After you have removed the accessories from the tank, slide back the reservoir making very certain that the intake tube is hanging directly into the reservoir. The pump can't pump if the tube is not sitting in water!
Your new machine consists of a water tank, a electrical pump, a boiler tank and a shower screen to force very hot, but not boiling water at high pressure though a compressed puck of coffee grounds. An electrical element heats the water in the boiler tank and a pump forces the hot water through the tight packed grounds. Additionally, the Gaggia Classic is equipped with a solenoid valve which releases and diverts the high pressure in the portafilter back through the valve through the external steel tube and into the drip tray as soon as you shut off the brew/pump switch.
The warming tray on top and the drip tray (the one with all of the round holes) is covered with a clingy blue transparent plastic film. Peel it off and discard.
Plug the detachable electrical cord into the machine and find an outlet to plug it in. Make sure all three rocker switches are OFF before plugging it in. Refer to factory manual for on/off positions if you are not sure. Put back the bypass tube. It hangs down suspended from the rear left corner. Do not re-insert it too far. The bottom of the tube should be below the surface of the drip tray. It may or may not be centred in the drip tray hole. Do not worry about it.
Fill the reservoir. Remove the rectangular black plastic lid and fill to the "max" mark indicated on the side of the container. Put the lid back on to prevent stuff from falling in.
2(a) Water Treatment*
If you use chlorinated tap water, let the water stand for a few hours in order to dissipate. Chlorine and coffee do not mix. Good tasting, clean and slightly hard water is the best water to use. Distilled water and reverse osmosis water are reported to not make very good tasting coffee. Reverse osmosis water can be slightly acidic but will work if you add a pinch of baking soda to every litre of water or so in order to add non-scaling hardness and help protect against corrosion of the aluminium part of the Gaggia's boiler. Better yet, you can mix a small amount of hard spring water to reverse osmosis or distilled water to get an ideal amount of overall hardness.
* special thanks to Jim Schulman for the water treatment tips
Before you use the machine for the very first time, you have to fill the empty boiler tank with water.
IMPORTANT! DO NOT FOLLOW the priming instructions in the manual.
It makes no sense to heat up an EMPTY boiler red hot and shock it with cold water.
Do the following instead:
- Place a cup or your frothing pitcher under the wand. Notice that the wand can be swivelled out from the machine.
- OPEN up the steam valve all the way anti-clockwise. That's the black knob on the right hand side of the machine. Be very gentle with the valve. Do not overturn or over tighten.
- Turn ON the power/boiler heater switch. That's the electrical switch on the far left.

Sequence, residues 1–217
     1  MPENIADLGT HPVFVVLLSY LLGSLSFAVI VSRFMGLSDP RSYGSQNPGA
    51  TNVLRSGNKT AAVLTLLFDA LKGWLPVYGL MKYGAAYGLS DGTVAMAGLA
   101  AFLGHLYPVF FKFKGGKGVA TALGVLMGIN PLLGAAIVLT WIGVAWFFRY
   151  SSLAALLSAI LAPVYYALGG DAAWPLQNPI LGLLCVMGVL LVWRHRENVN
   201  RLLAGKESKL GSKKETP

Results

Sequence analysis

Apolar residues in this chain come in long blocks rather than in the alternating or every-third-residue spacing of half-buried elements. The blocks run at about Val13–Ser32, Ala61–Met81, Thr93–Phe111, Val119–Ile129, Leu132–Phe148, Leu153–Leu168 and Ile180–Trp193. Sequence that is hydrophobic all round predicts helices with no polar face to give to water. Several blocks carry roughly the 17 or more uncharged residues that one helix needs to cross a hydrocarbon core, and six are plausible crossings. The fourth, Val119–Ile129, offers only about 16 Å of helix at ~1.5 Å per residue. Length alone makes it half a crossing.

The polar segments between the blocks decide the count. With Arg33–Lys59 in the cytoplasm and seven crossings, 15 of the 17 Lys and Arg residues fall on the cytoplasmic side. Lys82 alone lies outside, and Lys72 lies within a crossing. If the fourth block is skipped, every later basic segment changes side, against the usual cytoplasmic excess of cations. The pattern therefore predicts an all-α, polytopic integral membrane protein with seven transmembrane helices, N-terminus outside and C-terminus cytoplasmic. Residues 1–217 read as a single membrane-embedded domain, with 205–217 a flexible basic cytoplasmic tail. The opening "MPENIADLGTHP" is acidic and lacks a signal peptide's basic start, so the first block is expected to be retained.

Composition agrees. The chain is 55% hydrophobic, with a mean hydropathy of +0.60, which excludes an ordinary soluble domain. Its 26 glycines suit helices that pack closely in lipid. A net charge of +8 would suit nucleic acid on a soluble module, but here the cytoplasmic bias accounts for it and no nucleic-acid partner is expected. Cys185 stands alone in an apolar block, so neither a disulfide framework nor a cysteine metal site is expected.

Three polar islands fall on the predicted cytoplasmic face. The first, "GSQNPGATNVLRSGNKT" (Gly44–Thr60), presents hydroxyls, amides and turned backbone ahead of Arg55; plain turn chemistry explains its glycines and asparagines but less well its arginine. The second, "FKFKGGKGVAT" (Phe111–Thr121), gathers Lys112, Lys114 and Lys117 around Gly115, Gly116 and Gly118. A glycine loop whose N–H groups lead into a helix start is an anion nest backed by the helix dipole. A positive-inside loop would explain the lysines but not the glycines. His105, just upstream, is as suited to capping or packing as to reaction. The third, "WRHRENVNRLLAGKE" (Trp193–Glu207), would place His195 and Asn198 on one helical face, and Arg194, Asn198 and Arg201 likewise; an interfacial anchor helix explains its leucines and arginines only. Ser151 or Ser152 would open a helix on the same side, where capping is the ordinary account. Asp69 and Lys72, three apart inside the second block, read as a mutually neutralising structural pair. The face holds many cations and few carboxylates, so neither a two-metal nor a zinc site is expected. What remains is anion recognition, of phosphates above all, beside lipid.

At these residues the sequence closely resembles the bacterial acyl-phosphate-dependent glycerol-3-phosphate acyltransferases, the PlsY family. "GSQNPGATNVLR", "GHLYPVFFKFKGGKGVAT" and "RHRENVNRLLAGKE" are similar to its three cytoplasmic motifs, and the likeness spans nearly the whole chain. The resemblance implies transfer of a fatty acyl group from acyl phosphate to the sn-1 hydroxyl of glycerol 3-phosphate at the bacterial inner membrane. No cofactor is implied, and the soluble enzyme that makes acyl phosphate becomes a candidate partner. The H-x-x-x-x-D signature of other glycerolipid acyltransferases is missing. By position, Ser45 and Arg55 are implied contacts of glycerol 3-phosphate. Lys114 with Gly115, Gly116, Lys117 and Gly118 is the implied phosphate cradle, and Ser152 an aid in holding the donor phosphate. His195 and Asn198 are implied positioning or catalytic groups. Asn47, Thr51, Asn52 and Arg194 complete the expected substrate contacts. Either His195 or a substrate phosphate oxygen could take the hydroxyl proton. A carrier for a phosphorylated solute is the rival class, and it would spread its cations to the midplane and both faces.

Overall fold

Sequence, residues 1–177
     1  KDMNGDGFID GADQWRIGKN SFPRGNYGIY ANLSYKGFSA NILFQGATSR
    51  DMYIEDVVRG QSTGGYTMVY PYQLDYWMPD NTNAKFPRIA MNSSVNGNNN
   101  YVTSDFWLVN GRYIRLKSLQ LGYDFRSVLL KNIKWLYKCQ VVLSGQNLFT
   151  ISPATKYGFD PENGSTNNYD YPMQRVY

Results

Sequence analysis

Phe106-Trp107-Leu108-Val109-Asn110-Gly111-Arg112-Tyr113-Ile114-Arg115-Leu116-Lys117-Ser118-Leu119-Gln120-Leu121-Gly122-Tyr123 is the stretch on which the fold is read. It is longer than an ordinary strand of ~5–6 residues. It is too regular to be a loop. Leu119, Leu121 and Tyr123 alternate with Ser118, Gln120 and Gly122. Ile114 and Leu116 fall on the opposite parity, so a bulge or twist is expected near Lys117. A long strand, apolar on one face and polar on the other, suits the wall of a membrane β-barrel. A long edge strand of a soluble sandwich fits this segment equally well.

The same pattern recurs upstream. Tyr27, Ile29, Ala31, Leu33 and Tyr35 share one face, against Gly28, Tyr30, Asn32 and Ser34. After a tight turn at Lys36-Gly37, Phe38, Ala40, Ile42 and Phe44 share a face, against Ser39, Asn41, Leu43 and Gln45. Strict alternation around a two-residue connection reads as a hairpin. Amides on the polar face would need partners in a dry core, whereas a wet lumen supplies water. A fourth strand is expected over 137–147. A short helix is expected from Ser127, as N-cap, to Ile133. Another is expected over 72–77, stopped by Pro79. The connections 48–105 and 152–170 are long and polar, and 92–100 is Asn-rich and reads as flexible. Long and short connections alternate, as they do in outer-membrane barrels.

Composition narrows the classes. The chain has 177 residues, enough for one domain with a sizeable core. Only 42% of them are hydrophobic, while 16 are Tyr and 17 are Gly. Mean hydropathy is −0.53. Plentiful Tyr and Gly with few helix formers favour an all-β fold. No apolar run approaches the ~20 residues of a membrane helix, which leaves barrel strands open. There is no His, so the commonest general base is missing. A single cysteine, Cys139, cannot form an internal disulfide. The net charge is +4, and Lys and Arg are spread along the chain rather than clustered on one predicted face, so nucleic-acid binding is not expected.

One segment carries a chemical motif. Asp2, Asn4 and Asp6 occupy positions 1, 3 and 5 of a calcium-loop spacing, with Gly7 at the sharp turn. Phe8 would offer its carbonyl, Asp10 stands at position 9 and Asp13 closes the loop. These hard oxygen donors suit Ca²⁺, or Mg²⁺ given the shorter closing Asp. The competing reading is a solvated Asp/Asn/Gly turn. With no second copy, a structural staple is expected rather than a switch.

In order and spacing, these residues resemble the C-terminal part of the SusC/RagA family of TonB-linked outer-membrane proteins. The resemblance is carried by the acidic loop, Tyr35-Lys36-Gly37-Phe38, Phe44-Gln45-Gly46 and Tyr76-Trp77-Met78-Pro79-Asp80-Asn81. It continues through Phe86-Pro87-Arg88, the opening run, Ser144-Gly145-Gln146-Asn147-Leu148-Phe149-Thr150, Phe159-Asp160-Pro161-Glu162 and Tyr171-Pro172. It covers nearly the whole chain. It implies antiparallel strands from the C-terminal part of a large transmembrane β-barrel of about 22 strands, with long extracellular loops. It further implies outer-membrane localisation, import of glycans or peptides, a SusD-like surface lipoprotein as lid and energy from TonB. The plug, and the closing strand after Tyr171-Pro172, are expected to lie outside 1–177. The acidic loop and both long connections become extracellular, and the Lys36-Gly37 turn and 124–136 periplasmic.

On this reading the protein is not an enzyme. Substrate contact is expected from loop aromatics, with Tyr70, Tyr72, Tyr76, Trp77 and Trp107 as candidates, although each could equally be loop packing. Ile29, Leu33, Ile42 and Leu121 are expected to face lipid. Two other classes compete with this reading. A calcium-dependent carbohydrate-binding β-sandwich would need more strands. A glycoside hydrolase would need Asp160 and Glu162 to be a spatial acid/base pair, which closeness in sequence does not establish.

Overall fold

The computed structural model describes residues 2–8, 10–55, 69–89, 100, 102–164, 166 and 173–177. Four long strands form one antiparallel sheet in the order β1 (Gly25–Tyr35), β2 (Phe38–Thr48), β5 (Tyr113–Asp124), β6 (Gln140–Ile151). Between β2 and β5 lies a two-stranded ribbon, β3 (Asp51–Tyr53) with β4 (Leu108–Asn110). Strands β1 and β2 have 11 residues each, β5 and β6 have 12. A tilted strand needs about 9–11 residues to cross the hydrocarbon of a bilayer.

- Turn ON the steam switch - the middle large switch
- Turn ON the brew/pump switch - the one on the far right. That loud buzzing sound is the pump. You should now get a stream of water coming out of the wand. It might take several seconds for the boiler to fill before you get water. Fill a cup of water or so. Remember, the water might be hot and there's likely to be a fair bit of splashing. You might want to use your frothing pitcher instead of a cup in order to minimize the splashing.
- Turn OFF the pump/brew switch - the one on the far right.
- Turn OFF the steam switch - the middle switch
- CLOSE the steam valve. Be gentle - fingertip tight only.
- Place a cup on the drip tray - that's the stainless steel plate with all of the round holes.
Next, we are going to run water through your "group".
- Turn ON the pump/brew switch. Water should come out of the shower head in a few seconds or so. Feel free to fill a cup of water or so.
- Turn OFF the pump/brew switch.
Congratulations! Your pump has now been primed.
CAUTION: if you run the pump without any water for too long, you will likely ruin the pump.
TIP: Hot water operation. All three switches have to be ON if you want hot water from the steam wand. If you want hot water, it is important that you crack open the steam valve BEFORE you turn on the pump/brew switch.
TIP: I would also recommend to run quite a bit of water through your group and steam wand the first time in order to flush out any industrial residues left over from the manufacturing or assembly process. A reservoir's worth is good.
* thanks to espressotec.com for this tip!
3(b) Proofing the machine
How do you know that your brand new machine is not a dud or a factory lemon?
If you have primed the machine successfully (see previous section) the pump is probably OK.
Checking for initial leaks is a good idea too.
Most importantly, you want to check the performance of your thermostats.
The Gaggia Classic has two thermostats - a brewing thermostat and a steam thermostat.
You want to test two things:
1. brewing water temperature and recovery
2. steaming capability
The most well known and simplest brewing temperature test is the "styrofoam cup test"